We have some women with their roots in the Northeast who have shared their viewpoints.
Srutimala, Writer & Academician remarked, " Any form of violence is something to be denounced, and those men who are physically or mentally abusing women need to be taken to task by society and law. Also, the mindsets of people need to change. Many women consider themselves to be inferior to men supporting patriarchal attitudes. In India, where goddesses are worshipped as Shakti, it is a mockery of worship when the women are subjected to violence."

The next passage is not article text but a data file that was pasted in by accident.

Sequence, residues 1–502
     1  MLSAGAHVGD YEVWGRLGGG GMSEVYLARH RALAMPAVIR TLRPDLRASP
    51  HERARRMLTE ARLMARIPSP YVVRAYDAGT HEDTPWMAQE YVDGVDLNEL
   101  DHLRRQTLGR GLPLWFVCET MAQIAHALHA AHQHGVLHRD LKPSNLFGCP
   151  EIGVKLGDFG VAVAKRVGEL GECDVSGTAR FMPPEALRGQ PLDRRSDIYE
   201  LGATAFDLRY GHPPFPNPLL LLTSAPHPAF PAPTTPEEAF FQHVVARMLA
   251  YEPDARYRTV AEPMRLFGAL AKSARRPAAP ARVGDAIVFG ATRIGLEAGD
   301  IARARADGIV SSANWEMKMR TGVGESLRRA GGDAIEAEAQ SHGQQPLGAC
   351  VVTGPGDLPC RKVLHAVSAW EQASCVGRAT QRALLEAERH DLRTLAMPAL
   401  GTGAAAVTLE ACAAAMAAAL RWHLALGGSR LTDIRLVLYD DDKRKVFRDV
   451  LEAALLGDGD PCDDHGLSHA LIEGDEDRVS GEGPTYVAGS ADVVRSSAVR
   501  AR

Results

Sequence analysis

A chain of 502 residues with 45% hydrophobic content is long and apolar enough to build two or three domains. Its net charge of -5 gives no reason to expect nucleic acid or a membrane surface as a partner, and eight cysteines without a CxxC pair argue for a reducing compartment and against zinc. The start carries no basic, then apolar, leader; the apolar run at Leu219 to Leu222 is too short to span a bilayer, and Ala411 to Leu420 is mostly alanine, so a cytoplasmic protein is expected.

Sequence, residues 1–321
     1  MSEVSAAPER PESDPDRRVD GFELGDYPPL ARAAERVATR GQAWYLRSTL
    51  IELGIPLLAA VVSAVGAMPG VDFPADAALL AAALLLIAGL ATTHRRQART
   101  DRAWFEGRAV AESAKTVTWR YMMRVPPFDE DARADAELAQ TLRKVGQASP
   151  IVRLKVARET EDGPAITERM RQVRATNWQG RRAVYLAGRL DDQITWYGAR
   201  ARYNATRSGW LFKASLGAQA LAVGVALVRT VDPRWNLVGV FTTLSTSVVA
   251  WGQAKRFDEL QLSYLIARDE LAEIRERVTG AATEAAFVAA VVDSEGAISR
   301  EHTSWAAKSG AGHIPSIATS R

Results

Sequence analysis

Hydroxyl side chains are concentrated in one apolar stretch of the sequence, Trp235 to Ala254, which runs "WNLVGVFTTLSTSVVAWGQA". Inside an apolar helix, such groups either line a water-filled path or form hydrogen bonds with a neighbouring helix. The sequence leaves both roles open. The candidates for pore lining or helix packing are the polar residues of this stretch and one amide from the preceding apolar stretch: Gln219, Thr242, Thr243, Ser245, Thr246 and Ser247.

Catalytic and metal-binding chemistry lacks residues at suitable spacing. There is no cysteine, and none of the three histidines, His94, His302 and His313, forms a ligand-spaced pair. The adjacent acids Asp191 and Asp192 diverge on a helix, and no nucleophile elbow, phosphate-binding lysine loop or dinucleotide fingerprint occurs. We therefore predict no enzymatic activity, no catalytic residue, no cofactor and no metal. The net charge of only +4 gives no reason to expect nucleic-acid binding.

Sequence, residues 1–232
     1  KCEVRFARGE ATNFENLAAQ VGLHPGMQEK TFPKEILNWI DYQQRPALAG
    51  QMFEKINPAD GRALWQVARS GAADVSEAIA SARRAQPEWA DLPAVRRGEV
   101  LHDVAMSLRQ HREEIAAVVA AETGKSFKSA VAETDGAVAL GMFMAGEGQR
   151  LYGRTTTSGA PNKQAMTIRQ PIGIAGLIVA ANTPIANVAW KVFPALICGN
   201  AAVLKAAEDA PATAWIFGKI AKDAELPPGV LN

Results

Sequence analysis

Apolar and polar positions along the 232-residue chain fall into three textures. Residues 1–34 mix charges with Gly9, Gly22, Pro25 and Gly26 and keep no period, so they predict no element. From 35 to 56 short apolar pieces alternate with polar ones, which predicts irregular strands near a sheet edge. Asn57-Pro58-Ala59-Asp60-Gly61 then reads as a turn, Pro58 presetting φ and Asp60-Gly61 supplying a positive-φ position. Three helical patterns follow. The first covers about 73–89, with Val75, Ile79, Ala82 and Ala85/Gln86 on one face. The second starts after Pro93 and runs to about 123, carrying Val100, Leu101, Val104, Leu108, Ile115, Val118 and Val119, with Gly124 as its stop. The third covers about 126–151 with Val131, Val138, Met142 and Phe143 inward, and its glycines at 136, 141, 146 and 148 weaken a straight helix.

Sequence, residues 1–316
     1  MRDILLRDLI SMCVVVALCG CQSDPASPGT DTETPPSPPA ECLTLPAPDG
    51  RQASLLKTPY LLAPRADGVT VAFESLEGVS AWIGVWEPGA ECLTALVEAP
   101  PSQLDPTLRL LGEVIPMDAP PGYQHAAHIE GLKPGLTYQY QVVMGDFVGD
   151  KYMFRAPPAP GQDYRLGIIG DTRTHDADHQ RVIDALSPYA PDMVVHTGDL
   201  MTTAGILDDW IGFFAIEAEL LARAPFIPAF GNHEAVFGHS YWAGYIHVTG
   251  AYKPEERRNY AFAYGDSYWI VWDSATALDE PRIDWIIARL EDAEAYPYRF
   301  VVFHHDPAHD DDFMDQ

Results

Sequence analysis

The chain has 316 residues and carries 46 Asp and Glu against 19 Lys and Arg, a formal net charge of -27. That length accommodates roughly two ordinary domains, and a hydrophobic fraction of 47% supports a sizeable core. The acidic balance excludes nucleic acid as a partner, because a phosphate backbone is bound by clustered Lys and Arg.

As mentioned above, violence against women is more related to being human and human rights, seems like Meghna Rai Medhi, Owner & Fashion designer, Meghna’s, is also on the same page, as she expressed, "Violence against women is an extreme case of violation of human rights. Its impact ranges from immediate to long-term multiple physical, sexual and mental symptoms and consequences for women, including death. It negatively affects women's general well-being and prevents women from fully participating in the society. Violence not only has negative consequences for women, but also on their families. Hence this must STOP."